I agree with you. The bones are good but I think there just isn't enough active recruitment to bring in new people and it's not big enough to have a self-sustaining pipeline of referral and cross-linking traffic. And what active recruitment there is tends to go to the same niches in Reddit and HackerNews.
I occasionally tried sharing stuff around in various places but it's too quiet to really draw much interest and/or I think people find the vibe a bit stuffy.
I also wonder if the era of the link-aggregator has passed. Even on Reddit all the content is just posts from Twitter or TikTok or clips out of Discords now, which is basically stuff that's verboten to share in here. I think we might be holding out on a paradigm for internet content that has been overshadowed. The mainstream today like their feeds algorithmic and infinite scrolling, and the alt-culture hipsters like their stuff community curated through discords or group chats instead of point-scoring.
Google Reader nailed it in a way that worked. Then Google killed it because reasons.
I wasn't here in the beginning, but was tildes ever meant to be a reddit competitor? Everything I heard about it before signing up sounded like an anti-reddit space. With how people couldn't even sign up for the site without an invite code, it seems like the goal was not growth but rather that small community of like-minded people you mentioned.
Even the people on r/theoryofreddit, which is where I learned about this place, would refer to this site as being very rigid as to what thought processes were allowed.
Having gone through old posts, however, it was interesting to see that one post about a user here supporting Trump. But that never really seemed to stick.
Here's how it was announced on Reddit: "An ex-Reddit administrator is aiming to create the Reddit we've always wanted–Tildes is a non-profit community site driven by its users' interests"
And here's how Deimos described Tildes in his first blog post about it: "Combined with my own experiences, everything I've learned affects how I've been building Tildes, a new link-aggregator-style community site". Note: Reddit is also a link-aggregator.
Here's all the discussions about Tildes in /r/RedditAlternatives on Reddit: search results
Actually, the goal was controlled growth, especially because Deimos was building the site from the ground up, as he went.
Basically, Tildes is in a beta-testing stage that just never ended.
Reading this comment gives me a feeling akin to seeing a child with a rock in hand within range of a hornet's nest.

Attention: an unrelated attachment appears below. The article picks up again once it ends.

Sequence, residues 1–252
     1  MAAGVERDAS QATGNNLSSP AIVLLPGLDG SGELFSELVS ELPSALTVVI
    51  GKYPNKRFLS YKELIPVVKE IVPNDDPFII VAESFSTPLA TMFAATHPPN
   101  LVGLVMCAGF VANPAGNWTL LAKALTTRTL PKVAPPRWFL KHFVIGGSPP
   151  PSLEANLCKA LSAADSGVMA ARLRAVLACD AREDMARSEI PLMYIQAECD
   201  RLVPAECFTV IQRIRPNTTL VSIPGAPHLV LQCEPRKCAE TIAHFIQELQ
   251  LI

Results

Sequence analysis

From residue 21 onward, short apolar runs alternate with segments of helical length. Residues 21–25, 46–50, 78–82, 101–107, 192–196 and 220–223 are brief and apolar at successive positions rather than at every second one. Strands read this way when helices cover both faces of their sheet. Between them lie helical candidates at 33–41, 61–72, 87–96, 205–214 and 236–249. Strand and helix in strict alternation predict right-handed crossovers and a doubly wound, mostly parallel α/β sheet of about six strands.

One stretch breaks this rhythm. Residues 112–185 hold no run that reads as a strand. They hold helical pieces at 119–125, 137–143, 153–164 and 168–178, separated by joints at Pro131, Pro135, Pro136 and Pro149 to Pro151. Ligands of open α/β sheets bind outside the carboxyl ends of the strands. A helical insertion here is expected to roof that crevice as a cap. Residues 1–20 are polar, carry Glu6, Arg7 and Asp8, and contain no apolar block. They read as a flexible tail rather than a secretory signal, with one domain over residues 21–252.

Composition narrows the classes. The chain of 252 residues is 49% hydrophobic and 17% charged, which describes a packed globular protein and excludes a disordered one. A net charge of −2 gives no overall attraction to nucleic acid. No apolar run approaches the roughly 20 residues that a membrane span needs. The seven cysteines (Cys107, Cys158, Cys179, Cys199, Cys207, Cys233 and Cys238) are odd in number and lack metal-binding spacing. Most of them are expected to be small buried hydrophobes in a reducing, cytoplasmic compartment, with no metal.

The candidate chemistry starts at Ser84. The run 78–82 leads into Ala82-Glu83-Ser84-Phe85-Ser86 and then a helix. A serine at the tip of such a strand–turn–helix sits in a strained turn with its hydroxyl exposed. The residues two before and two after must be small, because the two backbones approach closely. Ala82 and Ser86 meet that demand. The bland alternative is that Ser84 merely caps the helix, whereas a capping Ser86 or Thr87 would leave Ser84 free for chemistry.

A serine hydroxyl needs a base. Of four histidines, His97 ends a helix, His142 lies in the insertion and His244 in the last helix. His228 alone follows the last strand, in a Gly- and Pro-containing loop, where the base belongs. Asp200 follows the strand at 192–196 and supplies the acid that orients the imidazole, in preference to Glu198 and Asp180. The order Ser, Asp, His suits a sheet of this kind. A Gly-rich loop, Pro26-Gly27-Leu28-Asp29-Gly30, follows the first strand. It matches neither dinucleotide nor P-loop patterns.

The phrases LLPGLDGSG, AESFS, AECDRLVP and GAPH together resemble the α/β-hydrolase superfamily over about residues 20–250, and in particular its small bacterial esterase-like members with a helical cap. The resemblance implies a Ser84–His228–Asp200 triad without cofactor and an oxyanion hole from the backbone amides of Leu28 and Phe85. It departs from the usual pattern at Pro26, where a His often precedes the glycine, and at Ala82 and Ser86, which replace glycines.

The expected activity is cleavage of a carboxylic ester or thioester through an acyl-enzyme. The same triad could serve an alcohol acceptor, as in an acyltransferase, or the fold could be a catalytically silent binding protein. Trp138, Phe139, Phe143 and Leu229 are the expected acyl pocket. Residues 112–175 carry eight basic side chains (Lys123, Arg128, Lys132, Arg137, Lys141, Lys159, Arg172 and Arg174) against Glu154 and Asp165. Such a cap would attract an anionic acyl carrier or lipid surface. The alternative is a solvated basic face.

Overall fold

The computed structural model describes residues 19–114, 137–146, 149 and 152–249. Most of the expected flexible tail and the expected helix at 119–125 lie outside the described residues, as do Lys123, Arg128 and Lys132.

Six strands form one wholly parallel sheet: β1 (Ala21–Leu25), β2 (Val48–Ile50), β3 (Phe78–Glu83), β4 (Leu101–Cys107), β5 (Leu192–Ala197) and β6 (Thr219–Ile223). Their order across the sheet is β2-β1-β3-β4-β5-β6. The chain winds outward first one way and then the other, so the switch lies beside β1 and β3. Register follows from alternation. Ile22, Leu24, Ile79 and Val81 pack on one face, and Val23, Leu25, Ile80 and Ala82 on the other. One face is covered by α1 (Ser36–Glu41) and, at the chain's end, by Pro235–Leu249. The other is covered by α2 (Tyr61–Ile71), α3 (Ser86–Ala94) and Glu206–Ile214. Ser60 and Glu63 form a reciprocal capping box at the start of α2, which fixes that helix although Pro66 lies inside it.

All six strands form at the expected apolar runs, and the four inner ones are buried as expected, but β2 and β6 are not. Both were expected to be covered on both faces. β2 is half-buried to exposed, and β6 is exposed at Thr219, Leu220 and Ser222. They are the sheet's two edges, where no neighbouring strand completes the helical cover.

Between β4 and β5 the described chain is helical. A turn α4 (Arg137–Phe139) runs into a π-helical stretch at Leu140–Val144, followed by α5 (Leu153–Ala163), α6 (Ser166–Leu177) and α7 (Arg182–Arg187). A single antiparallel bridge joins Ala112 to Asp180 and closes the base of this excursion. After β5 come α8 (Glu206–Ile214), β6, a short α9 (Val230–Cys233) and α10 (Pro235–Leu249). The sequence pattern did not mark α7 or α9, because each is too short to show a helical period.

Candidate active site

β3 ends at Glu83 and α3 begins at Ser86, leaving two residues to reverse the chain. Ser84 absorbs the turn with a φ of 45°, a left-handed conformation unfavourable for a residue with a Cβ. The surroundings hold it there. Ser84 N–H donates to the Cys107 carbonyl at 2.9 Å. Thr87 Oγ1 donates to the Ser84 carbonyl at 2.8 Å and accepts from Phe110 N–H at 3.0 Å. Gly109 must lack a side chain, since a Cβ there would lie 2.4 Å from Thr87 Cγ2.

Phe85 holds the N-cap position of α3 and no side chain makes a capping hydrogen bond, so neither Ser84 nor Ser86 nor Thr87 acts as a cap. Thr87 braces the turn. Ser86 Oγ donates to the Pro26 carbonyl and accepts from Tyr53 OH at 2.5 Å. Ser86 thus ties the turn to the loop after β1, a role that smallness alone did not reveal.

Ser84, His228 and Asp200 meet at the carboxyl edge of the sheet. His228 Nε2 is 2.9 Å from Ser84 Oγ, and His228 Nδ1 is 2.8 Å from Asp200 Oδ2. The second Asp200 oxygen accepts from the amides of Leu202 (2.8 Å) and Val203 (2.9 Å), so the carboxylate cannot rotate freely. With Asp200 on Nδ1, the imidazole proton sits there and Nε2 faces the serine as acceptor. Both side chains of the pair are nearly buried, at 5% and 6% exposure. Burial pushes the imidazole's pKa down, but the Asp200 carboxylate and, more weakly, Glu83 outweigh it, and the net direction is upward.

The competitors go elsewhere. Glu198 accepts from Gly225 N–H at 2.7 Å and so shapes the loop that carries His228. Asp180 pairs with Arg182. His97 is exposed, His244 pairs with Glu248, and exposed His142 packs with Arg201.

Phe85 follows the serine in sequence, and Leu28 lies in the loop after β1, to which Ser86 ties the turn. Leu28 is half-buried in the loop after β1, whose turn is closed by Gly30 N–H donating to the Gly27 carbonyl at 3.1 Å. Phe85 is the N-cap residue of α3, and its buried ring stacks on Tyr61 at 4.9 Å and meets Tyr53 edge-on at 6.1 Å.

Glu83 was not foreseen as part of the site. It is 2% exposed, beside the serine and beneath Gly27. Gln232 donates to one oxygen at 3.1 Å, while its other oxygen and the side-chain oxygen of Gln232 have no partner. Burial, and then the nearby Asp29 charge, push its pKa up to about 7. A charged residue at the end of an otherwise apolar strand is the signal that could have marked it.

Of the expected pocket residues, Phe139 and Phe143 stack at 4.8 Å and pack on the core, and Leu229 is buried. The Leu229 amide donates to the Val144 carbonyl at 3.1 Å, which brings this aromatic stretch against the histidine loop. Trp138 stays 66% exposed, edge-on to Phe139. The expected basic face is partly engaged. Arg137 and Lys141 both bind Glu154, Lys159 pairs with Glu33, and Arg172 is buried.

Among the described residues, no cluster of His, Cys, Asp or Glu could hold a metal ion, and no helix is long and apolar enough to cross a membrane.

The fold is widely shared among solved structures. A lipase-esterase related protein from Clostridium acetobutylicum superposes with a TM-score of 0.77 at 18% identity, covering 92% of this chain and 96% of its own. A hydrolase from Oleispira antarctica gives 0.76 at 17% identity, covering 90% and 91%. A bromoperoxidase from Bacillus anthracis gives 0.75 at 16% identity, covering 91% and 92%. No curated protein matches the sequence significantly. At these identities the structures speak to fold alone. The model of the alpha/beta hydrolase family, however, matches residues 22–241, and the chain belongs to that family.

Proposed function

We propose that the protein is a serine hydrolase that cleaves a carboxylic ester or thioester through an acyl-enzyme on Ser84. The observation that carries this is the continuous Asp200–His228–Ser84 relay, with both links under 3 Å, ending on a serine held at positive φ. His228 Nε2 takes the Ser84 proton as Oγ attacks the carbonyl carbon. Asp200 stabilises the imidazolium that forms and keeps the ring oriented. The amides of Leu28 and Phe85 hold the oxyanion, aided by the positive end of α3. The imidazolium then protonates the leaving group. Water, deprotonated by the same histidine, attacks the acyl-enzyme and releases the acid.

"Is he going to do it? He looked at it. Is he winding up!?"
My curiosity got the better of me!
Reddit was very much usable and decent until around ~2014-15, it was pretty much what tildes is right now behavior wise. Somewhere around 2016 vested interests started creeping in (Pao controversy if I recall correctly?) and things started getting worse.
Technology is rapidly evolving and social media is still in it's infancy (we have barely even stepped into the digital age considering the span of human history!). I'm sure the folks will figure a way out and make the net a better place within a decade or so.
Social media will probably collapse in on itself to be honest. I think its impact on culture was only possible in the brief time when it was new enough that the hip people were on it but not quite consequential enough that state and institutional actors, as well as endemic scammers got on it. Once the latter three groups get in it just no longer seems fun does it? And with automation and AI in the mix, the scammers and spammers just drown everything else out to the point where it's a drag.
I only use the "old" version of the site, and only for browsing pc parts deals, buy/sale/trade subreddits, and some IT related stuff that can be useful (sysadmin, homelab, linux, etc)
But I use it probably 10% of the time that I used to use it years ago, and that's actually a good thing. It's only gotten worse over time anyway.
Once the "old" version of the site is gone, I will probably leave, or my usage will become an order of magnitude smaller again. It's unfortunate that a site that has become a part of my search terms often because it helps lead me to a technical answer or opinion/honest review is just... adrift... running away into some user-hostile nightmare.